Palmer, Derek William Onslow

2nd Lieut., Derek William Onslow Palmer

Hull Pals Memorial Post. LIEUTENANT DEREK WILLIAM ONSLOW PALMER. Born 5th May 1894 in Brough, East Yorkshire Derek was the third of four children born to Thomas and Edith Palmer. His elder brother, Thomas, had died as an infant leaving Derek as the only surviving son. He was educated at Aysgarth and Winchester before finding work as a Shipping Agent in Newcastle-upon-Tyne. He was commissioned as a Lieutenant in the 10th Battalion East Yorkshire Regiment in January 1915 and trained throughout that year before shipping to Egypt just before Christmas. The Pals landed in France in March 1916. Derek was killed in action in the small hours of 4th June 1916 as the battalion suffered their first all-out bombardment and were caught in a storm of shells which all but obliterated their front line positions. One shell killed two officers. Second Lieutenant Spink, who was with him, took a direct hit and was blown to pieces. Derek was buried in the mud, blood and bone which, having been thrown up by the explosion, buried him alive. He suffocated to death before anyone could rescue him. Derek William Onslow Palmer is buried at Bertrancourt Military Cemetery, and is commemorated on both the Elloughton War Memorial and the Elloughton Parish Church Brass Commemorative tablet; he was 22 years old. He is also recorded on the Brantingham Bronze table ww1 Memorial which lists 12 men.

By all accounts, he was the most popular officer in the battalion. Derek William Onslow Palmer left a fortune of £33,111 in his will, making him a 22 year old millionaire, by today’s currency. He would no doubt have enjoyed his life, but sacrificed this to do his duty.

Derek Onslow William Palmer 1894-1916

The only son of Thomas William Palmer and Edith Fiennes Palmer of Brough, Yorkshire, on his mother’s side he could claim to be Founder’s Kin. He came to Winchester from Mr. Brooksbank’s school at Aysgarth but left after two years. The College records do not say why he left early or what he did before his commission in 1914.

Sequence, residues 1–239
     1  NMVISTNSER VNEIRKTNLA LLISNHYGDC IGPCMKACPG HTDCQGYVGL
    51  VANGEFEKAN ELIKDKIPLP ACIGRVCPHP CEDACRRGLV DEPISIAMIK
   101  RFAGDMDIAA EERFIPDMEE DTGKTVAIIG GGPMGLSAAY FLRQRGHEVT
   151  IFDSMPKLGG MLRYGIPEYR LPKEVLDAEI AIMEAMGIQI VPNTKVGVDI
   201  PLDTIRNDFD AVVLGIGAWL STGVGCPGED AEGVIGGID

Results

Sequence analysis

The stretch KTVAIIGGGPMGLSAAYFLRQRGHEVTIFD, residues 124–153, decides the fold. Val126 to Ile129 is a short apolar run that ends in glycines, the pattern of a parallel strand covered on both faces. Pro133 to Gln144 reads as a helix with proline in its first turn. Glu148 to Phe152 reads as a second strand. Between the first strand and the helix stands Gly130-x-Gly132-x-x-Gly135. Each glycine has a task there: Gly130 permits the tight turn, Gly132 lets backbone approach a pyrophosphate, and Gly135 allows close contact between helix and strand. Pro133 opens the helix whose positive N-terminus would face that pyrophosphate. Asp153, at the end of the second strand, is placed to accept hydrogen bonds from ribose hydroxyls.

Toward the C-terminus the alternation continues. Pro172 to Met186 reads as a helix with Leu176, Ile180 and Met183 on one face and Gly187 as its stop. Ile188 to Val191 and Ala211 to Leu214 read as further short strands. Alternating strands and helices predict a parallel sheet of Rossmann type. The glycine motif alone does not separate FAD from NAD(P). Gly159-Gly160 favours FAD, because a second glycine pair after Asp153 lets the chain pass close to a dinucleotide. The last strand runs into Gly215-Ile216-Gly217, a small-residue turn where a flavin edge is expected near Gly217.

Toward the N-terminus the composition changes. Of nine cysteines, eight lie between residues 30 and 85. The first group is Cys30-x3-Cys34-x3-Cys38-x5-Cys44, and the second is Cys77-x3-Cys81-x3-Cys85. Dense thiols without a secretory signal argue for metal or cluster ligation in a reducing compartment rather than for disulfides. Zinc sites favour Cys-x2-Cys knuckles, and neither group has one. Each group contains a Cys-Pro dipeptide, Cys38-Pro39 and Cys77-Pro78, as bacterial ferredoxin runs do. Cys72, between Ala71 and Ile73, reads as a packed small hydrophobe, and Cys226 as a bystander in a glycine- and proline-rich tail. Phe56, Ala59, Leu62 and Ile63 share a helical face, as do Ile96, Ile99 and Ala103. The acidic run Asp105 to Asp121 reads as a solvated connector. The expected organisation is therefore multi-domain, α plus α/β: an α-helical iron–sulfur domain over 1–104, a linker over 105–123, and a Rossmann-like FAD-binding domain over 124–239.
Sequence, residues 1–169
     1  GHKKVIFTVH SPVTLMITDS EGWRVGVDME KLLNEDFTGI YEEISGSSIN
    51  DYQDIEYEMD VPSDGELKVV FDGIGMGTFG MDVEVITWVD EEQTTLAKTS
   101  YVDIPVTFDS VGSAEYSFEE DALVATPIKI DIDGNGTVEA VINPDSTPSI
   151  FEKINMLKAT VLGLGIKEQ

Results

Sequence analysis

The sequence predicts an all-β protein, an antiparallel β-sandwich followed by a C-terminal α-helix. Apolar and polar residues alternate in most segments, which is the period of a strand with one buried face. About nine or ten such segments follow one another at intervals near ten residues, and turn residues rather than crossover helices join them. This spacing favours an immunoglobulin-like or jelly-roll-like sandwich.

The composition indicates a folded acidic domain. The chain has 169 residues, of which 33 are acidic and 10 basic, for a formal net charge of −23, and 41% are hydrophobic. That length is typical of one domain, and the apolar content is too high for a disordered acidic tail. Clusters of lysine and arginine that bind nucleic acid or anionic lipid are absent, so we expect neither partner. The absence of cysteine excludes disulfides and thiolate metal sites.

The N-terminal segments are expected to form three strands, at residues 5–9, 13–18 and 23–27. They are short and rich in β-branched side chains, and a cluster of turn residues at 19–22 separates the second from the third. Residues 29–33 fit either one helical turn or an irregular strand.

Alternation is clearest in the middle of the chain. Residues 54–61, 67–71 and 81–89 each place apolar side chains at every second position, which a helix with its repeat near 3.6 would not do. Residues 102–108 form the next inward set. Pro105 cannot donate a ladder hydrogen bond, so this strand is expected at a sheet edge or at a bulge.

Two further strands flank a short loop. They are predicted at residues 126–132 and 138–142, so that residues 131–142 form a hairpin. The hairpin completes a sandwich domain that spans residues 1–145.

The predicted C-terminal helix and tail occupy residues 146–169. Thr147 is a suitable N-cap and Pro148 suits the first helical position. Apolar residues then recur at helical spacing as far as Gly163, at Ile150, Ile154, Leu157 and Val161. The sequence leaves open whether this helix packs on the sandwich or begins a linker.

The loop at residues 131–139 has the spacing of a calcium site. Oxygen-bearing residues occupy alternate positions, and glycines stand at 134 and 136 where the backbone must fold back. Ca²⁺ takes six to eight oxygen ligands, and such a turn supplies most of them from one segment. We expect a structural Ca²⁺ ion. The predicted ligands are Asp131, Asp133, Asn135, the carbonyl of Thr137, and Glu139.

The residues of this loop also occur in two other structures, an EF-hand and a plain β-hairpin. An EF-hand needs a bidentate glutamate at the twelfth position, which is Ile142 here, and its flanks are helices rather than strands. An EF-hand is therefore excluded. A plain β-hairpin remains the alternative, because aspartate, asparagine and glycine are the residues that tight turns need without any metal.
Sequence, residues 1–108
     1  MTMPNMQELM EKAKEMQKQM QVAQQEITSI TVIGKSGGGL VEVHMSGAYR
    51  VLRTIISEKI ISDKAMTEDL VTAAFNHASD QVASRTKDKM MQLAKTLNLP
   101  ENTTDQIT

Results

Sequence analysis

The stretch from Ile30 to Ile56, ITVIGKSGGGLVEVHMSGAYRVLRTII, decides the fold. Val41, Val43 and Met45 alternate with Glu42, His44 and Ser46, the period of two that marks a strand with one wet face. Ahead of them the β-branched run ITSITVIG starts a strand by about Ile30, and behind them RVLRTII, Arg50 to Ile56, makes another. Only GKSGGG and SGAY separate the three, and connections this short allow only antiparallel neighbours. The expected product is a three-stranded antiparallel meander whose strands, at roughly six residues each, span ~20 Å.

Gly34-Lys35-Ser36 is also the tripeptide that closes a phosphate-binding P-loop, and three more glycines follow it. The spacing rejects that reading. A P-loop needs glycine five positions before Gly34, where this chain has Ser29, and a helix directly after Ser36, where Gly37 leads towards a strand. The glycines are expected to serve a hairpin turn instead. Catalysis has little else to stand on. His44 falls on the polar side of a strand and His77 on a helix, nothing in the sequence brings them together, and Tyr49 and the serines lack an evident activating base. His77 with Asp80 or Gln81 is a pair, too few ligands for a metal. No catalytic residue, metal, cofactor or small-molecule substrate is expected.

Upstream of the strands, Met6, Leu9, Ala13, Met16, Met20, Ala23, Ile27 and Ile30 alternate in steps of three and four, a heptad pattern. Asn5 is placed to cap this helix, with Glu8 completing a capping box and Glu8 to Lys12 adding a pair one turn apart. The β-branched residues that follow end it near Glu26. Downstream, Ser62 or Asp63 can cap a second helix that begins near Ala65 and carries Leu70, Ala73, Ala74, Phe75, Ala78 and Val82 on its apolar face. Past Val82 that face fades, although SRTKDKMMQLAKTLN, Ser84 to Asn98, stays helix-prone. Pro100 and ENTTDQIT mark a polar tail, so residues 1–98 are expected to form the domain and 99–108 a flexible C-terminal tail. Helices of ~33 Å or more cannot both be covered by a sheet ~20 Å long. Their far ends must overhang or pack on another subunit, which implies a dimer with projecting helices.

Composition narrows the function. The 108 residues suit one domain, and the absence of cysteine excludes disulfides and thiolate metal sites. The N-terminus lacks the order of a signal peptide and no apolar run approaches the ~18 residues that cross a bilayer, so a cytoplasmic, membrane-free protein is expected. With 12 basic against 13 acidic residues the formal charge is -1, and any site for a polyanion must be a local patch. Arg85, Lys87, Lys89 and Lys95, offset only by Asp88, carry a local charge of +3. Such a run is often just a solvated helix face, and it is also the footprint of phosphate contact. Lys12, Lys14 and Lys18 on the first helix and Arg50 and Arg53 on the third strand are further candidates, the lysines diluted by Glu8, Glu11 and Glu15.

He was gazetted on August 29th 1914, to the East Yorkshire Regiment and late in the following year sailed for Egypt. They were ordered to France in February 1916, and Palmer was killed in the front line trenches at Bertrancourt on 4th June 1916. David Bilton’s “The Trench”, published by Pen & Sword in 2002, states that Palmer was “the most popular officer in the battalion” and that he was buried alive and suffocated to death.

His mother, living at Magdala House, Beverley, received the following telegram on June 7th 1916: Deeply regret to inform you that Lieut. D.W.O. Palmer 10th East Yorks Regt. was killed in action June 4th. The Army Council express their sympathy. On June 12th Palmer’s personal effects were forwarded home: 3 Rings. Gold. 1 Gold Cigarette case. 1 Silver Brandy Flask. 1 Pencil. Gold case. 2 Photographs. 1 Regimental brooch and pendant in case. 1 Pencil. 1 Pocket Medicine Case. Laurels. 1 Small pocket case contg. 7 Photos 2 Cuff Links Gold locket & Chain Receipt for insurance premium Letters 1 Webley Revolver No. 173789.


First name:
1st Lieutenant
Date Died
Place died:
Bertrancourt Military Cemetery, Somme, France